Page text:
The Court then went on to find that the nonbusiness bad debt was not wholly worthless in the year Cooper claimed the deduction in 2008. Cooper unfortunately was unable to show identifiable events to the Court that formed the basis of Cooper abandoning any hope of recovery citing Aston v Commissioner 109 US Tax Court 400 (1997). The facts unique to Cooper showed Cooper never claimed the debt to the US Bankruptcy Court, that Cooper listed the loan on his personal financial statement in 2009 as an asset, and that Cooper never sent Wolper a form 1099-C, cancellation of debt, nor was the IRS ever sent the 1096 form reporting the cancellation of the debt to Wolper. The Court therefore concluded that based on the facts, Cooper’s nonbusiness bad debt was not wholly worthless and therefore the deduction could not be sustained. IRS wins Cooper loses.
Our next case, Shaw v IRS US Tax Court (2013) also has simple facts. June Shaw had a large capital gain of over $1M in 2009 from the sale of an apartment building in 2008. In the same year as this gain, the facts show that in 2009 June Shaw loaned on a very short term basis over $800K to a company owned by her brother Kenneth Shaw. June Shaw was unable to get her loan paid back by her brother Kenneth in 2009 so she deducted this $800K as a capital loss bad debt against the $1M capital gain. The IRS audited years later and disallowed the entire bad debt deduction claiming there was no bona fide worthless bad debt to deduct. June Shaw appealed to US Tax Court in Shaw v IRS Tax Court 2013-170.
Judge Lauber opines that Section 166(a)(1) allows a deduction for any bona fide debt that becomes worthless within the taxable year. A bona fide debt is a debt that arises from a debtor-creditor relationship based on a valid and enforceable obligation to pay a fixed sum of money, citing Section 1.166-1(c) of the IRS regulations. Transactions between family are subject to special extra scrutiny citing Caligiuri v Commissioner 549 F.2d 1155(8th Cir 1977). The Court observed that June Shaw provided no evidence that she checked out the credit worthiness of the company nor that she request assets be given to collateralize the loan. The facts showed further that June Shaw extended an unsecured line of credit that no third party lender would have approved. Finally that Court noted that June Shaw made no serious effort to obtain repayment nor did she send a letter demanding payment. Finally she never filed a law suit against the company. The Court easily concluded that the loan was not a bona fide loan and therefore not deductible under Section 166. IRS Wins June Shaw loses.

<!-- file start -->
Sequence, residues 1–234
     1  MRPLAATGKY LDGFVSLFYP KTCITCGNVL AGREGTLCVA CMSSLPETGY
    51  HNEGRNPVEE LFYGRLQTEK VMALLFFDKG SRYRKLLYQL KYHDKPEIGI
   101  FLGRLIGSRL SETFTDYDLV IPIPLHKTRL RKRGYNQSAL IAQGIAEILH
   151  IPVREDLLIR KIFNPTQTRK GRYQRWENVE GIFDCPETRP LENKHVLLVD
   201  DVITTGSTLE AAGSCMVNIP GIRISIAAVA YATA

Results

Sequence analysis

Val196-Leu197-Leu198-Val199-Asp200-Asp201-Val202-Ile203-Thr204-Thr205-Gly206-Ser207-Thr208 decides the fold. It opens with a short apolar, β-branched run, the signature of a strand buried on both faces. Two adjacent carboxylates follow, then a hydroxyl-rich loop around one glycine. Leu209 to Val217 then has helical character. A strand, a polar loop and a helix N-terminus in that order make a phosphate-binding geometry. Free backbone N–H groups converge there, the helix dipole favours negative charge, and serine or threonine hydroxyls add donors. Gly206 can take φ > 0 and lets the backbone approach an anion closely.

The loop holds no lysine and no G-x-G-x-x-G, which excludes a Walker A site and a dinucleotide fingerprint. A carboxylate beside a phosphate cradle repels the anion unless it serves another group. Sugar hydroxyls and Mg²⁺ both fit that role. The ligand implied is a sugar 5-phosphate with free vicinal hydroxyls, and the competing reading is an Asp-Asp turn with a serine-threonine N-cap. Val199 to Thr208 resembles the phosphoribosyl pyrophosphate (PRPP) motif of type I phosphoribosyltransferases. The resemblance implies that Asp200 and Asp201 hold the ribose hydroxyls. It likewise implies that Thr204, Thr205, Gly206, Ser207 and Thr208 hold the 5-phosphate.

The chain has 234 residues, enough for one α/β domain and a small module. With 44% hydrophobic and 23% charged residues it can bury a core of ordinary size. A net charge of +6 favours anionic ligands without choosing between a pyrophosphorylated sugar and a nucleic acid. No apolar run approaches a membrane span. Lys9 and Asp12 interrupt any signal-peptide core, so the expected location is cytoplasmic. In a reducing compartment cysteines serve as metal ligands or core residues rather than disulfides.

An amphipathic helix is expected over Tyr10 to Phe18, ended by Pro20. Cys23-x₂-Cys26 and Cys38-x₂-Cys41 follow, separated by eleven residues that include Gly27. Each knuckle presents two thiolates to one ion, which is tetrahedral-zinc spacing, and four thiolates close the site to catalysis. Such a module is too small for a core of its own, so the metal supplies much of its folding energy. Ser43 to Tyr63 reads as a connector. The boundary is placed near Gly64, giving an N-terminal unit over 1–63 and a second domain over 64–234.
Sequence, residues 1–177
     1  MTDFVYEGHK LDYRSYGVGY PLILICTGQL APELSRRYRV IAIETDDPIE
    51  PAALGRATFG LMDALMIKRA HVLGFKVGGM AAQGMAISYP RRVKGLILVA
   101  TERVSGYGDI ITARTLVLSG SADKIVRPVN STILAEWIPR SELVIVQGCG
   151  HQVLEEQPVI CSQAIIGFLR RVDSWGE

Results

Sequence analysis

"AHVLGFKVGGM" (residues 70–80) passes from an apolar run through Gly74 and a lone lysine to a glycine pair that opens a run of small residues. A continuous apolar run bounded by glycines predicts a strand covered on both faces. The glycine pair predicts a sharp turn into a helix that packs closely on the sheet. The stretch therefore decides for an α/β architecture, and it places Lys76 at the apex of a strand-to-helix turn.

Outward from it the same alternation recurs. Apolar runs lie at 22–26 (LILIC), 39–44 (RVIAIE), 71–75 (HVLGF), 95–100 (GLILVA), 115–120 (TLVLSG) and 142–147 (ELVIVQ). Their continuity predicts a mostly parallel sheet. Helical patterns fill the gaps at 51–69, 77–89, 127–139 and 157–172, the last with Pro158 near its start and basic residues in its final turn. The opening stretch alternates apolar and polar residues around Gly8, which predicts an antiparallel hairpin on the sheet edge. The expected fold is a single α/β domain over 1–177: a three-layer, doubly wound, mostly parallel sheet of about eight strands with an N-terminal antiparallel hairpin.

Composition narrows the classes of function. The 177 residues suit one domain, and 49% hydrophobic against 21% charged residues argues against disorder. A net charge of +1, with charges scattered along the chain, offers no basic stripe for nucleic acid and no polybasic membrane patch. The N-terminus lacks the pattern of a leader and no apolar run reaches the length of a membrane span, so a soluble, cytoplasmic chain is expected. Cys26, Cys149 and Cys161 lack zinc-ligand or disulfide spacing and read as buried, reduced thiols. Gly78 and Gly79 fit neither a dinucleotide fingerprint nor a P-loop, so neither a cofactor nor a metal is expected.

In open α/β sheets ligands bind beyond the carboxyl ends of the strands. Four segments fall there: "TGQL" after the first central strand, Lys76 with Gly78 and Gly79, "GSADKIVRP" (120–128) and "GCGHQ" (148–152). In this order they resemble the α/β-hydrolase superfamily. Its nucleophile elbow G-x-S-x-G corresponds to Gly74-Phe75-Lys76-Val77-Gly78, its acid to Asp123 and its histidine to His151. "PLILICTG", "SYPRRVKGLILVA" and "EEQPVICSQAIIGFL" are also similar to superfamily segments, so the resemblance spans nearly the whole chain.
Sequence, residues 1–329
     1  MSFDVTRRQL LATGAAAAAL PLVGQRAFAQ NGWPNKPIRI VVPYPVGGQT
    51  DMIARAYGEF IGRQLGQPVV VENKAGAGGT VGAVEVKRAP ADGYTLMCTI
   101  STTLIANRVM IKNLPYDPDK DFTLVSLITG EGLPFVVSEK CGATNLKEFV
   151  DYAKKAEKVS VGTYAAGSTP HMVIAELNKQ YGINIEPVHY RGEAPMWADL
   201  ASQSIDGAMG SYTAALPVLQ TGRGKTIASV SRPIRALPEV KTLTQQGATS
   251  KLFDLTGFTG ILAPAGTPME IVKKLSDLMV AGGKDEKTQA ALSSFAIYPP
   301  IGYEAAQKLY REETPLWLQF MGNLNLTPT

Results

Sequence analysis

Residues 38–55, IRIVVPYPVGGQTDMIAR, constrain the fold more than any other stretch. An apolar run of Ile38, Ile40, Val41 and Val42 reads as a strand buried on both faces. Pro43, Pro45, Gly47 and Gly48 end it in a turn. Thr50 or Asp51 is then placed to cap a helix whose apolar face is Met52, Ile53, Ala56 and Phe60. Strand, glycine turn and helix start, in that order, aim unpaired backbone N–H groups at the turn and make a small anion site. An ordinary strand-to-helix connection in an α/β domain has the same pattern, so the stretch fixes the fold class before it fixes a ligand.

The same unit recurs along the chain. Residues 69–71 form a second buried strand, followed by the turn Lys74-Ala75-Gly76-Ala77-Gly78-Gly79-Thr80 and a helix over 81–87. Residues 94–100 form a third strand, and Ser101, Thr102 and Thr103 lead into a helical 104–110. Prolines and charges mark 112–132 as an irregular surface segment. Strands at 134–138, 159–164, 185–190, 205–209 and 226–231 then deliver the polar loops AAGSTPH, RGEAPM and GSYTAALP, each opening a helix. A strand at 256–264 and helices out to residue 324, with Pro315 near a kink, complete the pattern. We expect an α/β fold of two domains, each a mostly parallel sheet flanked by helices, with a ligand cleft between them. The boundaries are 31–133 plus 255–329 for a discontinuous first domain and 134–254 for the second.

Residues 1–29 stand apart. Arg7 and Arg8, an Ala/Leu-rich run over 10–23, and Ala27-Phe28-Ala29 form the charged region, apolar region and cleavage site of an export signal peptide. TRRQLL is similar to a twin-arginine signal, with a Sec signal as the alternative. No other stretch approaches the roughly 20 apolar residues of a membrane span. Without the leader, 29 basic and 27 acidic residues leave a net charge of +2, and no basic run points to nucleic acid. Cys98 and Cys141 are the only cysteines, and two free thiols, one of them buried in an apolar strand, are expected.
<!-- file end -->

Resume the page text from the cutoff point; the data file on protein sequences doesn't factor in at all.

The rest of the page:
So how can you best create the facts you need to deduct a bad debt and sustain the deduction under Section 166 during an IRS bad debt audit years later? First, before you lend anyone any money or property make sure you have a written legal promissory note with real terms of repayment. Check their credit scores and make sure you get collateral on the loan. Obtain financials and a PFS from the borrower, just like a bank would ask for. Second, if you think the debt is going bad, retain a collection company to collect the debt and consider bringing legal action. About a year later if all else fails, then and only then can you claim on a tax return that you are deducting a bona fide bad debt that is wholly worthless and noncollectable. Finally, have your tax attorney attest to the steps you have taken to collect the debt and insert her contemporaneous statement into your tax return before you file. You will be glad you protected your bad debt deduction from Government adverse action when the IRS come knocking on your door years later to commence an IRS Bad Debt Audit.
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Chris Moss CPA Tax Attorney